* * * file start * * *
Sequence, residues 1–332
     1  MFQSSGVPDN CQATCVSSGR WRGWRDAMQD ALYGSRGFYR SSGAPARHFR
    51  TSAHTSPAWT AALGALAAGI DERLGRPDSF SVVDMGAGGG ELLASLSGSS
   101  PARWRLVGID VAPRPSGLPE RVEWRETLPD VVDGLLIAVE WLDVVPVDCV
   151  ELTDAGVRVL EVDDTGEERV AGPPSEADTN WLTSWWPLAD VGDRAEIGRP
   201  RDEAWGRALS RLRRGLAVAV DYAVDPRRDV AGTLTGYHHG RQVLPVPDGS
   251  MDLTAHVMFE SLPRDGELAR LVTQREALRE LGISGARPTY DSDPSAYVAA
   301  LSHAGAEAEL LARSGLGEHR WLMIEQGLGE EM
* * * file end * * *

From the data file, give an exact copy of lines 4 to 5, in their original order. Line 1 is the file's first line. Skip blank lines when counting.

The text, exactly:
   101  PARWRLVGID VAPRPSGLPE RVEWRETLPD VVDGLLIAVE WLDVVPVDCV
   151  ELTDAGVRVL EVDDTGEERV AGPPSEADTN WLTSWWPLAD VGDRAEIGRP